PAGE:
I was sitting in my garden by the pond earlier…watching the fishes enjoying themselves, playing under the waterfall… and wishing I could join them, they seem so relaxed, like the grass they don’t even try to grow, they just grow. Well it is 28 degrees, which in Manchester is pretty hot and we are just not used to it… I reckon I could get used to it though with very little effort, and it was all very relaxing as I was trying to think through something someone told me a few days ago.
“I work best under pressure,” he said, “I must have a deadline to do my best work.”
Well I have been reading through his work, and if I am going to be blunt about it, it’s not that great. In fact it would be difficult to hide the signs of the shortcuts he had forced himself to take because he left himself so short of time to do the job properly. I mean I do agree that a deadline is important but do we have to do all the work in the hours approaching that deadline, wouldn’t it be great if those final hours were saved for last minute changes suggested by a subconscious mind relaxed in the knowledge that the task has already been completed.
But the truth is he really believes he works best under pressure, and he really believes his rushed efforts represent good work and actually he seems quite proud of it. That’s a shame because it will be my job to shine the glaring light of reality on the situation.
I will do my best to bend and shape him without breaking him and hopefully we will see both of us grow through the situation. Really that will be more up to him than me, will he be teachable or will that pride cause him to harden his heart? I have seen both examples with others in the past and it really can be a ‘sliding doors’ situation. It comes to all of us sometimes, doesn’t it: none of us are perfect and we must learn to grow. Question is, Do we want to grow?
But what have I gained out of this as I relaxed gazing at the fish whilst taking to God amid the beauty of our creation? That was the first thought, I noticed all the variety of colours, so many greens and yellows and purples. I used to thing there was just green or just red but it is the infinite variety of God’s palette that has allowed him to paint such beautiful pictures. And then I remembered what the garden was like four years ago when we first moved in, I even had a glimpse at the old pictures that are saved on my phone.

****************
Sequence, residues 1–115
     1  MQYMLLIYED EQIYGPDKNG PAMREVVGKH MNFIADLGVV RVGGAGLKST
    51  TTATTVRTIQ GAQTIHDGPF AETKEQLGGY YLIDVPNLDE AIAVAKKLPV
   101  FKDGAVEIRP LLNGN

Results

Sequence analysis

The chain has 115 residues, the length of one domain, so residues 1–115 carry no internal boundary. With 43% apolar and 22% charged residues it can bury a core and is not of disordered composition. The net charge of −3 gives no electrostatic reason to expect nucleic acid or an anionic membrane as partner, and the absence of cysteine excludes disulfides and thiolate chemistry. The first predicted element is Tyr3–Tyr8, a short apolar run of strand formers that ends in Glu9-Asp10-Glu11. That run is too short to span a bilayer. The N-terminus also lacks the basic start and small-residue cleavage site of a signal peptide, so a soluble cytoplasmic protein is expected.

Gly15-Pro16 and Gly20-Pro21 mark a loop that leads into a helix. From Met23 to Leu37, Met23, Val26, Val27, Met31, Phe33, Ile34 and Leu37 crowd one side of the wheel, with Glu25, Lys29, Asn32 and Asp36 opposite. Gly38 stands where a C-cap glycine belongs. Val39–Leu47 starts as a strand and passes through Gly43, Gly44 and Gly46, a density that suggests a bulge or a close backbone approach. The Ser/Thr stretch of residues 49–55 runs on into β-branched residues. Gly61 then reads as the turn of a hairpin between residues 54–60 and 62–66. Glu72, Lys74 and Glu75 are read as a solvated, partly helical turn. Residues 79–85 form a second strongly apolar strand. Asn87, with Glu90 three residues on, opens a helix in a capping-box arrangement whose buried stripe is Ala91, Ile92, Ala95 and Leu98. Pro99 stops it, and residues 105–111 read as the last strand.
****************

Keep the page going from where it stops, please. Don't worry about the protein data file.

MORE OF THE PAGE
And I felt God smile and whisper, “We did this together. I created you in my image and I gave you the ability to create too. You thought about this all by yourself, it came from a blueprint that I put inside you but you saw it before it was ever here, you saw it clearly in your mind just like I saw you before I made you. You had to see it first and then you were able to take the action to create it. I did add the finishing touches of course; you would have struggled to make a fish by yourself. Thats why we work together, that’s why I called my disciples to be fishers of men: we are partners.”
Well that was good, it thrills me when God speaks back in my times prayer and meditation and it would have been worth taking the break and sitting in Gods presence just to hear that, but what about this ‘working to a deadline’ challenge I was facing? What could I learn about that?
My young friend is not alone in claiming he works better under pressure, and I have to be honest, I have often left things to the last minute and stayed up into the wee small hours to get them finished myself but lets see what actually happens here.
Looking back we recognise the enemy is procrastination. The time just seems to melt away, but actually it doesn’t melt: we freely choose to spend it on less important things knowing we will invoke the old habit of cramming just ahead of the deadline. The pressure we think we work best under is really the optimum amount of tension that we can take between giving up on the job altogether or what we need to move us to overcome that procrastination and its resultant inertia.
The best work I have ever done, and I now I am not alone, has always been in the times I have been enjoying myself, when I have been excited about the task, where I could anticipate the satisfaction of the breakthrough, the new learning, the job well done and yes, I am no different from anyone else, the recognition that would result. “Pride cometh before a fall and a haughty spirit before destruction,” says the ancient scribe, but I know he did not mean that I should not do such a good job that I cannot look on it with the satisfaction of knowing I did my best and enjoying the pleasure or profit it has given to myself and others.
I will try harder now to serve my young friend, if I bring positive input as I gently correct him I am sure I can help him to be teachable. If I can show him the benefits, that he can feel and actually be more positive, that if he will meet the challenges early he can tackle them with optimism and not with fear, that he can enjoy the doing, not just the end result, that he can delight in the journey and not flop down exhausted at the destination. If he is relaxed, he will learn on the way, he will perform more often in what some of us call ‘the zone’ and his results will be far above what he can even imagine right now.